Atlantic Canada

Atlantic Canada

Atlantic Canada, also called the Atlantic provinces, is the region of Eastern Canada comprising the provinces located on the Atlantic coast, excluding Quebec. The four provinces are New Brunswick, Newfoundland and Labrador, Nova Scotia, and Prince Edward Island. As of 2021, the landmass of the four Atlantic provinces was approximately 488,000 km2, and had a population of over 2.4 million people. The provinces combined had an approximate GDP of $121.888 billion in 2011. The term Atlantic Canada was popularized following the admission of Newfoundland as a Canadian province in 1949.

Halifax, Nova Scotia

Halifax, Nova Scotia

Halifax is the capital and largest municipality of the Canadian province of Nova Scotia, and the largest municipality in Atlantic Canada. Halifax is one of Canada's fastest growing municipalities, and as of 2022, it is estimated that the CMA population of Halifax was 480,582,with 348,634 people in its urban area. The regional municipality consists of four former municipalities that were amalgamated in 1996: Halifax, Dartmouth, Bedford, and Halifax County.

Tribal-class destroyer (1936)

Tribal-class destroyer (1936)

The Tribal class, or Afridi class, were a class of destroyers built for the Royal Navy, Royal Canadian Navy and Royal Australian Navy that saw service in World War II. Originally conceived during design studies for a light fleet cruiser, the Tribals evolved into fast, powerful destroyers, with greater emphasis on guns over torpedoes than previous destroyers, in response to new designs by Japan, Italy, and Germany. The Tribals were well admired by their crews and the public when they were in service due to their power, often becoming symbols of prestige while in service.

Pennant number

Pennant number

In the Royal Navy and other navies of Europe and the Commonwealth of Nations, ships are identified by pennant number. Historically, naval ships flew a flag that identified a flotilla or type of vessel. For example, the Royal Navy used a red burgee for torpedo boats and a pennant with an H for torpedo boat destroyers. Adding a number to the type-identifying flag uniquely identified each ship.

Tugboat

Tugboat

A tugboat or tug is a marine vessel that manoeuvres other vessels by pushing or pulling them, with direct contact or a tow line. These boats typically tug ships in circumstances where they cannot or should not move under their own power, such as in crowded harbour or narrow canals, or cannot move at all, such as barges, disabled ships, log rafts, or oil platforms. Some are ocean-going, some are icebreakers or salvage tugs. Early models were powered by steam engines, long ago superseded by diesel engines. Many have deluge gun water jets, which help in firefighting, especially in harbours.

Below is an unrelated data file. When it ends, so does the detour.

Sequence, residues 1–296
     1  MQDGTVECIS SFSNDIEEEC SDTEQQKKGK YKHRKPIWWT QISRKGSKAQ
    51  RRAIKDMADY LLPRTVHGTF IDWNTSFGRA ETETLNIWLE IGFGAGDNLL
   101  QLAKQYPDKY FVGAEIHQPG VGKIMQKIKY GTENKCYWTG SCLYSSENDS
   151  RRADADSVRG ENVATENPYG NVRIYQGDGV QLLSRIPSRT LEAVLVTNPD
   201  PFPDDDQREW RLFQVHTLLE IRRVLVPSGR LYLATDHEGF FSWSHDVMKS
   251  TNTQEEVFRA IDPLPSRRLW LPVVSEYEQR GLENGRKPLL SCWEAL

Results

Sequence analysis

Source: "HMCS Nootka (J35)", Wikipedia, Wikimedia Foundation, (2023, January 25th), https://en.wikipedia.org/wiki/HMCS_Nootka_(J35).

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References

Notes

  1. ^ Macpherson and Barrie state that the ships were equipped with one QF 12-pounder 12 cwt naval gun.
  2. ^ Mark IV = Mark 4. Britain used Roman numerals to denote Marks (models) of ordnance until after World War II.

Citations

  1. ^ a b c Macpherson, p. 14
  2. ^ Johnston et al., p. 979
  3. ^ a b Macpherson and Barrie, p. 167
  4. ^ a b c d e f Chesneau, p. 65
  5. ^ Johnston et al., p. 1075
  6. ^ Pritchard, pp. 21–22
  7. ^ Tucker, p. 29
  8. ^ a b Macpherson and Barrie, p. 32
  9. ^ a b c d Macpherson and Barrie, p. 33
  10. ^ "Nootka (5344839)". Miramar Ship Index. Retrieved 13 August 2016.

Sources

  • Chesneau, Roger, ed. (1980). Conway's All the World's Fighting Ships 1922–1946. Greenwich, UK: Conway Maritime Press. ISBN 0-85177-146-7.
  • Johnston, William; Rawling, William G.P.; Gimblett, Richard H.; MacFarlane, John (2010). The Seabound Coast: The Official History of the Royal Canadian Navy, 1867–1939. Vol. 1. Toronto: Dundurn Press. ISBN 978-1-55488-908-2.
  • Macpherson, Ken (1990). Minesweepers of the Royal Canadian Navy 1938–45. St. Catharines, Ontario: Vanwell Publishing Limited. ISBN 0-920277-55-1.
  • Macpherson, Ken; Barrie, Ron (2002). The Ships of Canada's Naval Forces 1910–2002 (Third ed.). St. Catharines, Ontario: Vanwell Publishing. ISBN 1-55125-072-1.
  • Pritchard, James (2011). A Bridge of Ships: Canadian Shipbuilding during the Second World War. Montreal, Quebec and Kingston, Ontario: McGill-Queen's University Press. ISBN 978-0-7735-3824-5.
  • Tucker, Gilbert Norman (1952). The Naval Service of Canada, Its Official History – Volume 2: Activities on Shore During the Second World War. Ottawa: King's Printer. OCLC 4346983.